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What Defines Success for Child Welfare Lawyers?
A year ago, I received an unexpected message on Facebook. It read: “Man we miss you how have u been. We were so devastated when u left.”
Of course my curiosity compelled me to respond immediately.
Can We Walk You Home?
Throughout the evening, the three brothers described to me the years of abuse they experienced in foster care. They were made to stand in the corner of rooms for hours. They were forced to clean every dish in the house, if one was dirty.
A Crisis Reveals the Need to Modernize Juvenile Courts
This week, I received word that many courts – including the juvenile court in which I practice – were closing. That is, for the indefinite future, my court would not be holding any hearings, other than emergency hearings, to address whether a child needs to be removed for their immediate safety.
In Court, Children are Unseen and Unheard
My 16-year old client – a young woman who had already spent several years in foster care – just wanted to share her story in court. She hoped to tell the judge the ways in which group home staff were mistreating her.
Your Crisis Can Wait Until Noon
The teenage boy stared at the judge, with a face struggling to hide its emotion but clearly displaying sadness. For weeks, he had been staying at a residential foster care facility and had been getting in trouble.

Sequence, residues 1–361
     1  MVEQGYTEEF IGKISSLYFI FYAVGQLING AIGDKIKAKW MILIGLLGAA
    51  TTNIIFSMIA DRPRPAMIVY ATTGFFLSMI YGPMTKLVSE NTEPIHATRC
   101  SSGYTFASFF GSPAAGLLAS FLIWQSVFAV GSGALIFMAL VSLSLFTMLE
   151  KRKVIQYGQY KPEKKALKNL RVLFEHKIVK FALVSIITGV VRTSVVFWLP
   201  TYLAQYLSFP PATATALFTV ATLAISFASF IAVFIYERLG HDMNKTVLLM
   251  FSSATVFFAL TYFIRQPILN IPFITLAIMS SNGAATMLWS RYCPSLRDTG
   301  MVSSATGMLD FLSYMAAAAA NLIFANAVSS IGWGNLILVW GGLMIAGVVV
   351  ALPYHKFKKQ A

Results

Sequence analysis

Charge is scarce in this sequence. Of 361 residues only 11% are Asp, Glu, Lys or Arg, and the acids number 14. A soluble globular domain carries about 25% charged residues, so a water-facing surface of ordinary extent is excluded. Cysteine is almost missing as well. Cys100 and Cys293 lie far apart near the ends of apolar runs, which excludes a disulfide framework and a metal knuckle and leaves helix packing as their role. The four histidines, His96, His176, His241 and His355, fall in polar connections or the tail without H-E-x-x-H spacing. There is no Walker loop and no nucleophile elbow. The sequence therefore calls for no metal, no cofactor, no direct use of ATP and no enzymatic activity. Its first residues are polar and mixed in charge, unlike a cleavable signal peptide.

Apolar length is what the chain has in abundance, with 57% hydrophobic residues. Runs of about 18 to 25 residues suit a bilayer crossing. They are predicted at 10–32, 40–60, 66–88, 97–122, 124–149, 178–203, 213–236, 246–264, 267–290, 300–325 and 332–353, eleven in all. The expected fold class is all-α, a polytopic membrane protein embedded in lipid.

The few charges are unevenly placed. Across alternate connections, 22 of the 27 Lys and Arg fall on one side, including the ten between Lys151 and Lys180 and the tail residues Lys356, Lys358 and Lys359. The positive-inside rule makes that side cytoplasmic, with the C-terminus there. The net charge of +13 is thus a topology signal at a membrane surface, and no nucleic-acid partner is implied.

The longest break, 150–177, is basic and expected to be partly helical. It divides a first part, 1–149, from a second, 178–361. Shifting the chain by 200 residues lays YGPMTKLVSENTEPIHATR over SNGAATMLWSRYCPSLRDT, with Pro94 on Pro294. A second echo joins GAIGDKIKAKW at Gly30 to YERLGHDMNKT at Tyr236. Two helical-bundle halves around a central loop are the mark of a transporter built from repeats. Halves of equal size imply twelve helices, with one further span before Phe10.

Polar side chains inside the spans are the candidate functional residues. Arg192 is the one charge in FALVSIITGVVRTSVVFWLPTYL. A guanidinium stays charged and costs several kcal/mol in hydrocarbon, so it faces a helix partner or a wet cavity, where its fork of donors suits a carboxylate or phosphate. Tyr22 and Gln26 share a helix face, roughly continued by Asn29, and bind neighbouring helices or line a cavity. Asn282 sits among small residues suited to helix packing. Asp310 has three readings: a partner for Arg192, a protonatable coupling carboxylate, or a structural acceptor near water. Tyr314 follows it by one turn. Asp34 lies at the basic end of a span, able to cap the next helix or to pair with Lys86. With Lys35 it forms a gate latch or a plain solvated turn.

The Outdated Way We Think About Relationships in Child Welfare
At a recent meeting I attended, a foster parent described her role as being a “co-parent” with the birth parent to raise a child in foster care. That is, she envisioned that her job was to temporarily help care for the child – with the birth parent – while doing everything in her power to support efforts to reunify the family.
Michigan Quietly Embraces Unlicensed Kinship Caregivers
In 2003, I was assigned to represent five young children in foster care who had been placed in a group home in Maryland. During my first visit with them, they told me how much they wanted to live with their grandmother, a delightful, gregarious woman with a big smile who was deemed appropriate by everyone who met her.
I’m Sorry We Failed You
I turned on my computer to start my day’s work when a reminder popped up on my screen. Today marked the birthday of Alonzo, a child I had represented many years back when he was a 9-year old child in foster care.
Ginsburg’s Child Welfare Legacy: Attention to Parental Rights
The late Justice Ruth Bader Ginsburg had many gifts, one of which was using language to convey the harsh impact of the law on those living on the margins. Consider her words in M.L.B.